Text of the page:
While Rome Burns - Business Facilities Magazine - Area Economic Development, Site Selection & Workforce Solutions

Bailout twins Fannie and Freddie put on their most expensive dancing shoes and take a spin on our dime.

Bailout twins Fannie and Freddie put on their most expensive dancing shoes and take a spin on our dime.

While Rome Burns

While Rome Burns - Business Facilities Magazine - Area Economic Development, Site Selection & Workforce Solutions



Just when we thought we’d nearly exhausted our cauldron of simmering banking outrages, along comes Fannie Mae and Freddie Mac to pour gasoline on the fire.

The two government-backed mortgage giants with the cutesy acronyms have had a starring role in every act of the endless tragedy that is the global financial crisis. For brevity’s sake, we’ll refer to them here as the Effing Twins.

In the overture to the epic collapse of the housing market in 2007-2008, the Effing Twins inflated the galactic sub-prime mortgage bubble by fecklessly delivering the dream of homeownership to thousands of deadbeats and house-flipping speculators. Can’t put any money down? No problem! Can’t make a monthly payment for two years? Step right up!

When the dream of universal homeownership turned into the nightmare of the Great Recession, the Effing Twins stepped right up to the government’s cash window and received a $150-billion transfusion of emergency bailout bucks.

For a few brief months at the beginning of 2009, hopes were raised that a package of financial industry reforms then moving through Congress would mandate the dismantling of the Effing Twins. After all, who would want to repeat the catastrophe of the fiscal collapse?

You already know the answer, but we’ll say it anyway: three years after the bottom dropped out, the Effing Twins not only are still in the mortgage business — they are the mortgage business. With the major banks too busy processing foreclosures and toting up the profits from a bonanza of free money from the Fed, the Effing Twins are “the only games in mortgage town.” So says a report in Sunday’s Business section of The New York Times.

The fact that the Effing Twins still roam the housing landscape like George Romero’s zombies is difficult to swallow. Unfortunately, the primary focus of the Times‘ Sunday story is guaranteed to induce vomiting:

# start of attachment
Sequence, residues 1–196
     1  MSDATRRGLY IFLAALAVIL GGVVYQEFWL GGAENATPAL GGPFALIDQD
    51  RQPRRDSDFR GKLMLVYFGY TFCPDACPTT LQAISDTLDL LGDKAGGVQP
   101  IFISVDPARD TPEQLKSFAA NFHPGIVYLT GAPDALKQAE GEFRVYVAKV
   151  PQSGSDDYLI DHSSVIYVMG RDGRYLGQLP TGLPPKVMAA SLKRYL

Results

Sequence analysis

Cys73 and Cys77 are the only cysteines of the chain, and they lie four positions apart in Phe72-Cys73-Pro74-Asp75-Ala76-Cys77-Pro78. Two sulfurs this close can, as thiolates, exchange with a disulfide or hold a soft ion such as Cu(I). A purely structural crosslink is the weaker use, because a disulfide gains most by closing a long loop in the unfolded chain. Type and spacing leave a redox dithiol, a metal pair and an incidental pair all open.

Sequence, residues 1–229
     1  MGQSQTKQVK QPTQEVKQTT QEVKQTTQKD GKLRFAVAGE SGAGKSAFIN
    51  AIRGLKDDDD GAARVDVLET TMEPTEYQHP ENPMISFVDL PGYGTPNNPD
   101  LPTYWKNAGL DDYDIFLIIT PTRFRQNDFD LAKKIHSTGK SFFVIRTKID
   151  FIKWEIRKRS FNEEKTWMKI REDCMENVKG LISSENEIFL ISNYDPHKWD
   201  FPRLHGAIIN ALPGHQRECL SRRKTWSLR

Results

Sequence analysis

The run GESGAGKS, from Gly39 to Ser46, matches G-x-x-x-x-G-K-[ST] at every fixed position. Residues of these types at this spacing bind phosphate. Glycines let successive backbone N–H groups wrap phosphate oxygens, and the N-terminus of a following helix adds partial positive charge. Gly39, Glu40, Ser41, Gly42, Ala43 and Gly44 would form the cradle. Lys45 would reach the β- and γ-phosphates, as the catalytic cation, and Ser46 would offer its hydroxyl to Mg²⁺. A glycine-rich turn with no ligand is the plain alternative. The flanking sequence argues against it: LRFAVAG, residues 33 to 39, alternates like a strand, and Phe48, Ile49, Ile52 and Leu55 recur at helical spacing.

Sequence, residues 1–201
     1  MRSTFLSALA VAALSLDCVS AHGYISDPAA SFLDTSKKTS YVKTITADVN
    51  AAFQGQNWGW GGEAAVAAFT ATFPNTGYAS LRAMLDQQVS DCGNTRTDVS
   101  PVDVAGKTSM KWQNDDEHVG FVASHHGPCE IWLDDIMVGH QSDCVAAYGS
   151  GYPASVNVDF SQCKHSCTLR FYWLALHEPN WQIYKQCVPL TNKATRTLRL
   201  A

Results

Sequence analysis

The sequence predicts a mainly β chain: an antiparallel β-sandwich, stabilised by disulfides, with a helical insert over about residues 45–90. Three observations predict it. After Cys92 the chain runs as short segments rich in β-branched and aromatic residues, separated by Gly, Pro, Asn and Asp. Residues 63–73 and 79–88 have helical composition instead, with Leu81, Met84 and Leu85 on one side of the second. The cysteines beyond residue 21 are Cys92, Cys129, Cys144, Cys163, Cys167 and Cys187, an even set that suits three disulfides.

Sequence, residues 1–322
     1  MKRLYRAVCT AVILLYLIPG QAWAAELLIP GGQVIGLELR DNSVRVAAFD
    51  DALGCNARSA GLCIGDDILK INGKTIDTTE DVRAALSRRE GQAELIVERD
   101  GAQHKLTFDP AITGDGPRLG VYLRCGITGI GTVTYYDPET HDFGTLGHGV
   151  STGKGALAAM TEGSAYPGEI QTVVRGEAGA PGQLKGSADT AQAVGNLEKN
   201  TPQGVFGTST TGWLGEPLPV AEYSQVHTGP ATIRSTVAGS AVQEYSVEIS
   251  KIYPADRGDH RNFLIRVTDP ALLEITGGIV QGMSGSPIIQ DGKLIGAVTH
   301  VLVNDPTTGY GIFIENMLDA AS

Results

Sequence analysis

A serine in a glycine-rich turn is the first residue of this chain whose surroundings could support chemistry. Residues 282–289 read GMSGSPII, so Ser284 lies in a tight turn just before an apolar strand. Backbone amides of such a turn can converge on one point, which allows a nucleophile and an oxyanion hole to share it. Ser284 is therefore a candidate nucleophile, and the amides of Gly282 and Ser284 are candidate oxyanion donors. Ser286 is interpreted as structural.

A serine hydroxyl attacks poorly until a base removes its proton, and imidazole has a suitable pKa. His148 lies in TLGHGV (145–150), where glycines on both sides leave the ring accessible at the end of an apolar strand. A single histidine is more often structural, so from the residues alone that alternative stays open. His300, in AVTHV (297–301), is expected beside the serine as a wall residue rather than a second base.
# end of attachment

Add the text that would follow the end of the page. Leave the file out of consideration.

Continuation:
Last week, 3,000 luminaries convened at the Hyatt Regency in Chicago for the 98th annual convention of the Mortgage Bankers Association. The price of a ducat to this black-tie affair went for $1,000.

Among the glitterati in attendance was Chicago Mayor Rahm Emanuel, former White House chief of staff and a former-former (as in “please don’t tell anyone”) director of Freddie Mac, who was serenaded by the living members of the ’70s rock band Chicago. In what may have been a subconscious nod to the bipartisan nature of the sub-prime mortgage calamity, guest speakers included Jeb Bush and President Obama’s chief political guru, David Axelrod.

Get your barf bags ready: Freddie Mac paid $80,000 to be listed as a “platinum” sponsor of the shindig. Fannie, apparently the more demure of the Twins, laid out $60,000 to be a “gold” sponsor.

If you haven’t guessed by now where the money came from for this largesse, check the lint in your pants pockets. It gets worse (cover your shoes with a towel):

The Effing Twins also bought 87 tickets to the convention. In addition to their CEOs, who were conference headliners, Freddie sent 15 vice presidents and 14 directors from various units to the soiree in the Windy City; the Fannie contingent included 12 vice presidents, 12 unit directors and three people listed as “event managers.”

Presumably, the event managers made sure ample champagne and caviar was on hand to sate the Effing Twins’ seat-mates on the dais, which included top execs from Lender Processing Services of Florida and the Mortgage Electronic Registration System (MERS). According to the Times report, the former notoriously made mortgage “robo-signing” a household word, while the latter made a hash of the nation’s real estate records.

Rep. Randy Neugebauer of Texas, head of the oversight and investigative subcommittee of the House Financial Services Committee, said he was “disturbed” by the “business as usual” chutzpah displayed by Fannie and Freddie at the Chicago gathering.

“They don’t act like companies that have had a huge infusion of taxpayer money,” Neugebauer told the Times. “Why do they feel the need to go out and spend the money for networking when they have all of the mortgage market in its entirety?”

Why, indeed? While Rep. Neugebauer and his colleagues in Congress ponder this existential question, we’d like to offer a helpful suggestion that perhaps can transform this Effing debacle into what is now popularly referred to as “a teachable moment.”

Since Fannie and Freddie are bigger than ever, we think they need a new joint headquarters. Befitting a cash-strapped nation filled with empty houses, the most appropriate new home for the mortgage giants should be a vacant government facility — preferably a place that used to be bustling with residents but has in recent years been abandoned.

We’ve got the perfect place in mind.

As an added bonus, we want to step right up and invite the Mortgage Bankers Association to hold its 99th annual convention there next year, with Fannie and Freddie as Titanium sponsors and co-hosts.

Our new home for the Effing Twins is a well-known “gated community” in California with a spectacular view of the Pacific.

In fact, we’ll toss in free tickets for the MBA membership, every Effing executive at Fannie and Freddie and all of their friends on Wall Street. These tickets will be good for the next 99 years. We’ll even fly out there and hold the door open for them at next year’s convention, gratefully telling every Effing one of them: “Welcome to your new home.”

Welcome to Alcatraz.












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